In this situation, however, the short sellers could be problematic. The stock just failed at overhead resistance, and shorts will feel emboldened to press their bets.
FAST Stock Pros
Internet Threat Is Overstated: The declining margins argument by the bears may or may not be correct. Here’s the bullish counterpoint. Throughout 2017, Amazon fears spread into many sectors, such as grocery and auto parts, that had previously seemed resistant to the internet threat.
To give one example, AutoZone, Inc. (NYSE:AZO) plunged from $800 to $500 in 2017, before roaring back to $780 now.
You can make a similar case that investors are not understanding Fastenal’s true position. Sure, the internet could disrupt FAST’s traditional distribution business. However, customers are pretty sticky for its services.
For niche specialized products, it makes less sense to abandon trusted vendors to save a few cents. And Fastenal’s on-site and vending businesses are largely internet-immune, even if the older store model takes a hit.
Cheaper Than Before: It’s inarguable that FAST is an expensive stock. However, bulls can rightfully retort that it is cheaper than it used to be. Incredibly, between 2009 and 2013, FAST stock ended every single year with a trailing PE ratio over 30. And recently, its PE ratio has consistently hung out in the high 20s.
In fact, FAST stock first hit $55 way back in 2012 and has pretty much traded in a steady range between $45 and $55 for the past five years. Thus, despite being expensive, it’s relatively cheap compared to its recent history. Also, when it finally breaks out above that long-running resistance at the $55 mark, it could really get going technically.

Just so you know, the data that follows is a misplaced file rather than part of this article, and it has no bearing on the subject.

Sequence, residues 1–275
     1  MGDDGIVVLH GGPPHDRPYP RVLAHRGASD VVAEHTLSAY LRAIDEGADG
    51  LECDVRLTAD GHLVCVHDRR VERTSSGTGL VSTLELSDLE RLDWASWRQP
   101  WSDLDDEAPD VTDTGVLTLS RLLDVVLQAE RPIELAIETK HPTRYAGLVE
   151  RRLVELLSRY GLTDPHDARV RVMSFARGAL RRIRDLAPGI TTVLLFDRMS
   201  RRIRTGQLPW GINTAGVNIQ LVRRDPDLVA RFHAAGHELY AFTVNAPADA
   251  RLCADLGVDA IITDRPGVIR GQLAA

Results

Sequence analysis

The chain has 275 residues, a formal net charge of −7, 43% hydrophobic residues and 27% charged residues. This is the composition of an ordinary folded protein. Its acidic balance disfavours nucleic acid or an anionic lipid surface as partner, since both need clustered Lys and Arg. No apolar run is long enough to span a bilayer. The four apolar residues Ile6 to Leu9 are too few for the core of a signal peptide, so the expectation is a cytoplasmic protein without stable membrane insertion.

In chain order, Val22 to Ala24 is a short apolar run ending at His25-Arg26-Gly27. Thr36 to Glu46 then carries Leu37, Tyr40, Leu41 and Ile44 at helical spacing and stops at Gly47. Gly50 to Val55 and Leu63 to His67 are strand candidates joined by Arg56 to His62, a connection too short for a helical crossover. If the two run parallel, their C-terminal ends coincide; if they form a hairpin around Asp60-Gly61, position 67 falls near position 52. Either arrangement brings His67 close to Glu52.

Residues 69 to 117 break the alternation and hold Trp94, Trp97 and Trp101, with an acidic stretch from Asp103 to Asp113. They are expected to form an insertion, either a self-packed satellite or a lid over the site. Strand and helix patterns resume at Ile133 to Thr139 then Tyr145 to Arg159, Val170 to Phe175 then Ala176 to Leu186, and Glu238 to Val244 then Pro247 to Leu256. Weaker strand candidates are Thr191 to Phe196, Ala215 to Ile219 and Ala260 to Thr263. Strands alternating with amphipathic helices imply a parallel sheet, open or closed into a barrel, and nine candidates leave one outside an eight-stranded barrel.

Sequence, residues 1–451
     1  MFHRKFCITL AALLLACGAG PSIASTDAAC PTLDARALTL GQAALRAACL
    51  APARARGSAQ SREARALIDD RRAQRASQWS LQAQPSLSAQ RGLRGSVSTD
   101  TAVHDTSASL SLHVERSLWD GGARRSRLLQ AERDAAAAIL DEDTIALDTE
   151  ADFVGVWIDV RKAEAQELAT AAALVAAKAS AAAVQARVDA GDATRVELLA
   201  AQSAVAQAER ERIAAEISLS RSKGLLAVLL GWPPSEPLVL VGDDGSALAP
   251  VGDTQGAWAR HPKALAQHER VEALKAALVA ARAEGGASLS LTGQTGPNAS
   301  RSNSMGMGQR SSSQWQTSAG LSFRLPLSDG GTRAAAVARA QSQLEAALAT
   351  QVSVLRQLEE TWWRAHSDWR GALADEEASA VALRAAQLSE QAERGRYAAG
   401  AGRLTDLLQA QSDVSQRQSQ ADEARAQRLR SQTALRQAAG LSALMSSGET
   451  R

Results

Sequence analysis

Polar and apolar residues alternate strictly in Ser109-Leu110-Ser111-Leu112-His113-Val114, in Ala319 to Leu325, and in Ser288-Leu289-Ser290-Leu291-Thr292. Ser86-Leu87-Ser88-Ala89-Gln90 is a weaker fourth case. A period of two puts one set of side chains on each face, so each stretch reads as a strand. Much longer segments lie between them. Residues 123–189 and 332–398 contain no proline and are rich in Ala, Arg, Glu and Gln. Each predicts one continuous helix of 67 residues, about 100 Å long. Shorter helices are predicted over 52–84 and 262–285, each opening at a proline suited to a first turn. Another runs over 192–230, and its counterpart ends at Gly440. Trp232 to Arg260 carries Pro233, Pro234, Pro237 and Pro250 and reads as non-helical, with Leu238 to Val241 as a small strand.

Sector Is Booming: The industrial stocks are on fire right now. Boeing Co (NYSE:BA), not usually a highflier, is giving the FAANG stocks a run for their money. BA stock is up 115% over the past year.
Caterpillar Inc. (NYSE:CAT) is having a similar performance. Left for dead in early 2016, CAT stock has pulled off more than just a bounce. It’s nearly tripled off the 2016 low and is up 90% within the past 12 months.
It’s not hard to see why investors are excited. The president’s efforts to create American manufacturing jobs are a boon for the industrial sector. And the tax cut package and a potential deal for infrastructure spending could stimulate yet more demand for the products that Fastenal distributes.
Verdict on FAST Stock
This an exciting moment for Fastenal stock. After five years of stagnation, shares are pushing up against long-running resistance at $55. If it tops that, shares should soar.
However, don’t expect it to happen this quarter. The company’s latest earnings report wasn’t good enough to get the job done. If anything, expect short sellers to circle the wagons here as the company’s margins drop off and Amazon fears persist. There could be a good trade coming up on FAST stock in 2018, but it isn’t here just yet.
At the time of this writing, the author owned AZO stock. He had no positions in any of the other aforementioned securities. You can reach him on Twitter at @irbezek.